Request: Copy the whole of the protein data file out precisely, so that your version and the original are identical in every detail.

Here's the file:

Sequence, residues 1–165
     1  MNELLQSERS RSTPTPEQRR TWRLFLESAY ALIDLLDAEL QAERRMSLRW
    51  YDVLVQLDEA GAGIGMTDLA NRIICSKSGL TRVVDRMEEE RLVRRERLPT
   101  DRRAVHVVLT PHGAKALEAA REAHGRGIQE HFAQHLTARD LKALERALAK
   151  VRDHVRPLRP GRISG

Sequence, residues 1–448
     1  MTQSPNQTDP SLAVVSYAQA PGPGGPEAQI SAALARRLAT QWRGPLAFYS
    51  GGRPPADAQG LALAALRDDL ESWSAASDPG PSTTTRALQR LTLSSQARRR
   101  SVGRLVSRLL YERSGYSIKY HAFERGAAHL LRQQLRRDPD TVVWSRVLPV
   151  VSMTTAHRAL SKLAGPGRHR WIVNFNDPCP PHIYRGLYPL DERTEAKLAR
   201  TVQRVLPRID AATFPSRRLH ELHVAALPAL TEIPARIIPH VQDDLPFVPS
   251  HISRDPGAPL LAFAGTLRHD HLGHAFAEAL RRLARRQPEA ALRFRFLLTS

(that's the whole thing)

Sequence, residues 1–165
     1  MNELLQSERS RSTPTPEQRR TWRLFLESAY ALIDLLDAEL QAERRMSLRW
    51  YDVLVQLDEA GAGIGMTDLA NRIICSKSGL TRVVDRMEEE RLVRRERLPT
   101  DRRAVHVVLT PHGAKALEAA REAHGRGIQE HFAQHLTARD LKALERALAK
   151  VRDHVRPLRP GRISG

Sequence, residues 1–448
     1  MTQSPNQTDP SLAVVSYAQA PGPGGPEAQI SAALARRLAT QWRGPLAFYS
    51  GGRPPADAQG LALAALRDDL ESWSAASDPG PSTTTRALQR LTLSSQARRR
   101  SVGRLVSRLL YERSGYSIKY HAFERGAAHL LRQQLRRDPD TVVWSRVLPV
   151  VSMTTAHRAL SKLAGPGRHR WIVNFNDPCP PHIYRGLYPL DERTEAKLAR
   201  TVQRVLPRID AATFPSRRLH ELHVAALPAL TEIPARIIPH VQDDLPFVPS
   251  HISRDPGAPL LAFAGTLRHD HLGHAFAEAL RRLARRQPEA ALRFRFLLTS